Image handling and compression in static websites

What are the different techniques used for handling images in static websites that are published from a local or remote repository of source files?

This is a collection of notes on the subject.

Problem space

Publishing a folder of markdown files as an HTML website is fairly straightforward and requires at the very least some form of parsing.

The markdown source files have a small footprint and usually increase in size when transformed to HTML.

Often, I want to include images in my files, and I would like to keep the high-resolution image files adjacent to the appropriate markdown files.

These files are often large, uncompressed and altogether not suitable for publishing on a website. I would like to serve up resized and compressed image files for the end user.

Solution space

There are many possible approaches to this. I will attempt to map some of these out in the hopes of finding, piecing together, or coming up with a new way of publishing a static website with compressed images.

What are the steps that need to be taken?

Locally, in development I don’t mind serving up the full high resolution images. (this might change)

I want to be able to link to, and include links directly to the high resolution images.

The original links will have to be replaced with the URI(s) to the compressed version(s).

  1. Using a command line tool to resize and compress images when publishing the site.
    • These could be stored in a .gitignored folder
  2. Manually compressing the images and storing them next to the original.
  3. Uploading the original images to a specific cloud provider.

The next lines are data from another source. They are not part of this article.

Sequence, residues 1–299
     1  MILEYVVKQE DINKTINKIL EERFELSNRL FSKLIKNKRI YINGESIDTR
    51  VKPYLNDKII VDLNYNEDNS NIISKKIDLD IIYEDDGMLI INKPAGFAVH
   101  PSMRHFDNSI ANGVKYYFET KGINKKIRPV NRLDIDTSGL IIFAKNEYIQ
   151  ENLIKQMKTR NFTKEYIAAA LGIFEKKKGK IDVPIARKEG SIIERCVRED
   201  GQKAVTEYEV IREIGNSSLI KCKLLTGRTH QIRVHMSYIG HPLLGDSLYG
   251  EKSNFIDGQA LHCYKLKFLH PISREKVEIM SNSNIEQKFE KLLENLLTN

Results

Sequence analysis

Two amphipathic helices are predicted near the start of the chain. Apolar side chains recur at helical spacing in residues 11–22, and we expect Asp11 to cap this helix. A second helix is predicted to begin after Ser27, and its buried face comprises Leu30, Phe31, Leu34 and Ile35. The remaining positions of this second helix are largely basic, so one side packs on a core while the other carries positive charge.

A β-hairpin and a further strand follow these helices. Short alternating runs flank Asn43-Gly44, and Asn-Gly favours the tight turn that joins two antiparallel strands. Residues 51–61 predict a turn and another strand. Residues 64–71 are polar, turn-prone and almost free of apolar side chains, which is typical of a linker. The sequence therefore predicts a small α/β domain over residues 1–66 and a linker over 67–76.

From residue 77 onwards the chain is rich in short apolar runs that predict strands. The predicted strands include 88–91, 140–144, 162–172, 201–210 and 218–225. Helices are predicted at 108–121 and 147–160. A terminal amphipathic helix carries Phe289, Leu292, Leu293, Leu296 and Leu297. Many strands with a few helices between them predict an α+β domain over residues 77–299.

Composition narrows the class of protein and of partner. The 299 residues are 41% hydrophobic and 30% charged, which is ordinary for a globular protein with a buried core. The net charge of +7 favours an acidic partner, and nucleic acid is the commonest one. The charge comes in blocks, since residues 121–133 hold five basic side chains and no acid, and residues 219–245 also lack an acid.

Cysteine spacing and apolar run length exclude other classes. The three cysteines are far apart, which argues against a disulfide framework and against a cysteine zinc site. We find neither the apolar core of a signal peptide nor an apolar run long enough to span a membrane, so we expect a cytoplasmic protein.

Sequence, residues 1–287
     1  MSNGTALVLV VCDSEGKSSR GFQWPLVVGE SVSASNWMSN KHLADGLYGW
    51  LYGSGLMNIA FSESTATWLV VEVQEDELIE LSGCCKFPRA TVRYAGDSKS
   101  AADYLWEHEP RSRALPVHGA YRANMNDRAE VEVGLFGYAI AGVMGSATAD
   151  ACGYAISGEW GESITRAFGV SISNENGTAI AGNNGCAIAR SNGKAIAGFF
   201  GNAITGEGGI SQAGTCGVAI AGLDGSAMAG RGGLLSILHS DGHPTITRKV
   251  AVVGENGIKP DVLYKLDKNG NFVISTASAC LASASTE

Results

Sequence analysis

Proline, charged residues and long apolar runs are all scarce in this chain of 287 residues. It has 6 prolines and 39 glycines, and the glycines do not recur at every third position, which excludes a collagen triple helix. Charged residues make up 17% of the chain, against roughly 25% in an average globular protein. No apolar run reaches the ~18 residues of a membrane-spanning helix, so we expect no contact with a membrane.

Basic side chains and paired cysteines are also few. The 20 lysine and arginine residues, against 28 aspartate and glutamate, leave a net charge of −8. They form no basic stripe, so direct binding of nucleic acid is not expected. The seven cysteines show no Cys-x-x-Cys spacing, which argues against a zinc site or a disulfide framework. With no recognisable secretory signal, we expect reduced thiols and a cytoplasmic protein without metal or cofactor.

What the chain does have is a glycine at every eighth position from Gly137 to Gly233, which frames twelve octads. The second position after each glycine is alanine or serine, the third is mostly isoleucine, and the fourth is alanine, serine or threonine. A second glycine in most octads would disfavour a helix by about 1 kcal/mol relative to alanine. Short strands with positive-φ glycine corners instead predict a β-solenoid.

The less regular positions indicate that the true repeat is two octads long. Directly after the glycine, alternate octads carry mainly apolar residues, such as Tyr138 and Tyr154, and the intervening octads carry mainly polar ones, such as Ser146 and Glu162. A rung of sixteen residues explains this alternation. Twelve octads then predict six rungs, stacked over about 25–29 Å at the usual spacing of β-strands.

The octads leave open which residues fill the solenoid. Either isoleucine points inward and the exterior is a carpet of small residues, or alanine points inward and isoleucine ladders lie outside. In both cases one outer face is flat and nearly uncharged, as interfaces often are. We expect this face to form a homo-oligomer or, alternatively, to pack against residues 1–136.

4. Uploading the images to a static bucket and using an image transform CDN (is this even an option?)

Option 1

Compressing images is quite resource-heavy, and doing this every time the site is published is a bad and expensive idea.

The build script could check the existence of a remote file and skip the compression, only linking to the existing compressed image.

Option 2

Manually compressing the images is pretty much out of the question. I’ve listed it mostly to rule it out.

Option 3

Using a cloud image provider might be the easiest solution. Originals could be uploaded once, stored with a unique key (filename or hash) and we could use an API at build-time to figure out whether to upload an image or not.

This approach is very flexible, and we can request a new size at any point in the future.

Some downsides are minimum running costs, less control over content delivery and proprietary APIs.

The originals are stored and backed up locally (with the rest of the files), so having the images on ‘someone else’s computer’ is not a problem.

We’re not locking into a particular provider, but will have to build some customisation to make it work.

Potential providers are

Cloudinary Aws media transform? Imgix

See also